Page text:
Bill de Blasio, who scored a spectacular landslide victory this week to become the next Mayor of New York, could be an inspiration for Labour, for Ed Miliband and for whoever becomes the London mayoral candidate for 2016. His campaign slogan was “One New York, Rising Together” and he focused on tackling the cost of living crisis, tackling inequality, and increasing taxes on the very wealthy to fund new programmes.
“Make no mistake: The people of this city have chosen a progressive path, and tonight we set forth on it, together.” Bill de Blasio
Standing on a radical affordable housing platform, de Blasio emphasised the dangers of growing inequality and the stark contrast between the wealthy and ordinary New Yorkers who can barely pay the rent. He also focused on homelessness and the growing numbers living in shelters. He tapped effectively into the growing frustration of the city’s residents that NY was becoming a rich person’s city.
- One-third of New Yorkers spend at least half of their income on housing.
- 50,000 New Yorkers, including 21,000 children, live in homeless shelters and many more are turned away.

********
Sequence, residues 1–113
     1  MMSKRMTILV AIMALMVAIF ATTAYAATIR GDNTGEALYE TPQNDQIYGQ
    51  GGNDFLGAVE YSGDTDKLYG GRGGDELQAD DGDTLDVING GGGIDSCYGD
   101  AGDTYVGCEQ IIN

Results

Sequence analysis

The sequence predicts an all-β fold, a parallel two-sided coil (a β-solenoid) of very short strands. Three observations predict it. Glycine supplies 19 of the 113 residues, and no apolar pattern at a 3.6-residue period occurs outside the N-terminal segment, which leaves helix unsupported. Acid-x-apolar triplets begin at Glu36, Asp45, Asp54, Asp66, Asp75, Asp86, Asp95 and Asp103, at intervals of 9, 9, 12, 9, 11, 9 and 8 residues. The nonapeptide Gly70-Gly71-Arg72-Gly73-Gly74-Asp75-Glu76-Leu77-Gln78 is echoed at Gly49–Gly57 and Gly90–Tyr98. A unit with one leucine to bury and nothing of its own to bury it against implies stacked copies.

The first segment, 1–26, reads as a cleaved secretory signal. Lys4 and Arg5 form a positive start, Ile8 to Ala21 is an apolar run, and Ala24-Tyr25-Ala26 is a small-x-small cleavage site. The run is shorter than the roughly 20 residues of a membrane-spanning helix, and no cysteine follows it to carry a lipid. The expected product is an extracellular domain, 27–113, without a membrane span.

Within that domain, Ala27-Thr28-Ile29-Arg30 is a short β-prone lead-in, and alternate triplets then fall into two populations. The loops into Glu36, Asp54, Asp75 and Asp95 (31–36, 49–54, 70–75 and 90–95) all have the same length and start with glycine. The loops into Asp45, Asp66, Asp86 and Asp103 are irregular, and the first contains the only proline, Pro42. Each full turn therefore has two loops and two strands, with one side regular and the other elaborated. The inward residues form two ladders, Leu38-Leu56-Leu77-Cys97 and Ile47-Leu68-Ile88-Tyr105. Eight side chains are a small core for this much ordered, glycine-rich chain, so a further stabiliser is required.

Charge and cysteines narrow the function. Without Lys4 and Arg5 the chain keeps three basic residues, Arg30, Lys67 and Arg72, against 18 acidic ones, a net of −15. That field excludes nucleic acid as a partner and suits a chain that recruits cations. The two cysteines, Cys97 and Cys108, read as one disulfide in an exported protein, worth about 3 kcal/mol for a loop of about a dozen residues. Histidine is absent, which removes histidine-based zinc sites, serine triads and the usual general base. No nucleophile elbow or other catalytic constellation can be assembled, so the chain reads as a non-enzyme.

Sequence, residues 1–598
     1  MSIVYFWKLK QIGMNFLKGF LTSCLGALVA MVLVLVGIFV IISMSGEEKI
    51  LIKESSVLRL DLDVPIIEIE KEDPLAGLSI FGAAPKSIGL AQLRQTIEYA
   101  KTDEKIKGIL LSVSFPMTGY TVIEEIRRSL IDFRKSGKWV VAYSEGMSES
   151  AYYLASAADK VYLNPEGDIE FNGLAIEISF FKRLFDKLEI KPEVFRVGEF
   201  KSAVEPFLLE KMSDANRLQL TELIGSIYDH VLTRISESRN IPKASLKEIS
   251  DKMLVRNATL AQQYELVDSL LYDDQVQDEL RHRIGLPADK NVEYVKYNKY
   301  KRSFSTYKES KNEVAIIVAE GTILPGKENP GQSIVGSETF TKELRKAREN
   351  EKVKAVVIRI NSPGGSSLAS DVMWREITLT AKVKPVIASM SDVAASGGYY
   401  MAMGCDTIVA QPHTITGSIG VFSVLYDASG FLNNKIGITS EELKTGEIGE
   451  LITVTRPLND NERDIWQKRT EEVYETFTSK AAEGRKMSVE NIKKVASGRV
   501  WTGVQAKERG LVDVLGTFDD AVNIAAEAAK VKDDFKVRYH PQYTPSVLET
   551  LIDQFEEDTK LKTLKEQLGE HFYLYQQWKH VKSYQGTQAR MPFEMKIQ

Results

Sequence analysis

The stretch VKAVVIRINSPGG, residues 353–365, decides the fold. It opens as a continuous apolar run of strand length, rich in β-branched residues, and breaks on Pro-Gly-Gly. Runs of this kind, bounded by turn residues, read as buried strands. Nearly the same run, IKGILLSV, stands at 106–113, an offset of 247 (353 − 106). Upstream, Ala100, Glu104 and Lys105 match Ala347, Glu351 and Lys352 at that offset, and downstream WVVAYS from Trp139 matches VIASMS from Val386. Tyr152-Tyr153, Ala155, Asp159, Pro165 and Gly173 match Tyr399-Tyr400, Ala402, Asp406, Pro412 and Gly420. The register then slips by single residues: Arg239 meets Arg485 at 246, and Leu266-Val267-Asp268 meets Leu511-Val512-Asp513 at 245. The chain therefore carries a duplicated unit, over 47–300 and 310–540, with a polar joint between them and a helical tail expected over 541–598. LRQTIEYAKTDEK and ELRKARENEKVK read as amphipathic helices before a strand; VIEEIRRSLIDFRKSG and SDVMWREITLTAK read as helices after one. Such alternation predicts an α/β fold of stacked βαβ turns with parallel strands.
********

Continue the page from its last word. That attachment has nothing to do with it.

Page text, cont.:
De Blasio has a track record on housing. He was a regional director of the Department of Housing and Urban Development during the Clinton administration. In various elected and administrative roles, he has taken on negligent landlords (including through the ‘Worst Landlords Watch List’) and campaigned on housing standards, including the right to energy supplies.
De Blasio’s policy commitments centre on providing or preserving affordable housing, arguing that the process of development is reinforcing class segregation rather than weakening it. He argues that the process of ‘rezoning’ should require homes to be built for middle and low income families and not just the wealthy. He plans to direct $1 billion of city pension funds to affordable housing construction. He will raise taxes on developers who keep land vacant waiting for prices to rise, set up a non-profit land bank, and conduct an annual census of vacant buildings. He will campaign to restore rent stabilization and rent increase exemptions and set up new services to help tenants fight evictions. He has promised to tackle the backlog of health and safety repairs to New York’s public housing. He will help small landlords repair their properties and strengthen the homeless safety net with stronger guarantees of access to shelters.
De Blasio intends to lead the US cities in a campaign for a new national urban agenda, including more public housing, low income tax credits and other affordability policies.
The parallels with Ed Miliband’s ‘One Nation’ policies is striking. Like New Yorkers, people in Britain are beginning to realise that letting rich people do what they like and make as much money as they like will never lead to prosperity trickling down to middle and low income people.
The Bill de Blasio campaign website housing section is here.
And his Mayoral transition website is here.
And the New York Times report of his election can be found here.